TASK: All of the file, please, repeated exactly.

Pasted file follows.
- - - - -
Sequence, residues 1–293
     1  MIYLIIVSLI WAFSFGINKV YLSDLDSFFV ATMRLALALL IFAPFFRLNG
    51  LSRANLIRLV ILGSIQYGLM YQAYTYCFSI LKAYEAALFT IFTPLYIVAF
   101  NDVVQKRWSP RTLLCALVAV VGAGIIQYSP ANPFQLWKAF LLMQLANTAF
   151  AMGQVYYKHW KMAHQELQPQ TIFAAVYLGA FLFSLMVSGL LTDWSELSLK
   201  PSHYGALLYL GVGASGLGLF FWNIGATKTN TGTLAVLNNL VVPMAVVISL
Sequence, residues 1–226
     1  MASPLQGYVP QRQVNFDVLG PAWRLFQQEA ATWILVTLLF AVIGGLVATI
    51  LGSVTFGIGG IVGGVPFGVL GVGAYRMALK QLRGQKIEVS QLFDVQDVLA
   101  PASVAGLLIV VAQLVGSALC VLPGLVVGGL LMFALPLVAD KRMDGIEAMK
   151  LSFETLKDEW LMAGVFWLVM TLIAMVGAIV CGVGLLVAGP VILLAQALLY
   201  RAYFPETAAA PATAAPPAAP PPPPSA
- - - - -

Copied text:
Sequence, residues 1–293
     1  MIYLIIVSLI WAFSFGINKV YLSDLDSFFV ATMRLALALL IFAPFFRLNG
    51  LSRANLIRLV ILGSIQYGLM YQAYTYCFSI LKAYEAALFT IFTPLYIVAF
   101  NDVVQKRWSP RTLLCALVAV VGAGIIQYSP ANPFQLWKAF LLMQLANTAF
   151  AMGQVYYKHW KMAHQELQPQ TIFAAVYLGA FLFSLMVSGL LTDWSELSLK
   201  PSHYGALLYL GVGASGLGLF FWNIGATKTN TGTLAVLNNL VVPMAVVISL
Sequence, residues 1–226
     1  MASPLQGYVP QRQVNFDVLG PAWRLFQQEA ATWILVTLLF AVIGGLVATI
    51  LGSVTFGIGG IVGGVPFGVL GVGAYRMALK QLRGQKIEVS QLFDVQDVLA
   101  PASVAGLLIV VAQLVGSALC VLPGLVVGGL LMFALPLVAD KRMDGIEAMK
   151  LSFETLKDEW LMAGVFWLVM TLIAMVGAIV CGVGLLVAGP VILLAQALLY
   201  RAYFPETAAA PATAAPPAAP PPPPSA